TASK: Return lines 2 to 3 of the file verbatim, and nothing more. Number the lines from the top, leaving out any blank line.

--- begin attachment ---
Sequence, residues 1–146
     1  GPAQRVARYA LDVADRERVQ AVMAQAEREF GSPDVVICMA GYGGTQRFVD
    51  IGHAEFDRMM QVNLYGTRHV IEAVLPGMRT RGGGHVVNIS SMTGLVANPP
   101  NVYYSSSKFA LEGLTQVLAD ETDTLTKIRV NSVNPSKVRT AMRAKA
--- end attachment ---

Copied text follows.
     1  GPAQRVARYA LDVADRERVQ AVMAQAEREF GSPDVVICMA GYGGTQRFVD
    51  IGHAEFDRMM QVNLYGTRHV IEAVLPGMRT RGGGHVVNIS SMTGLVANPP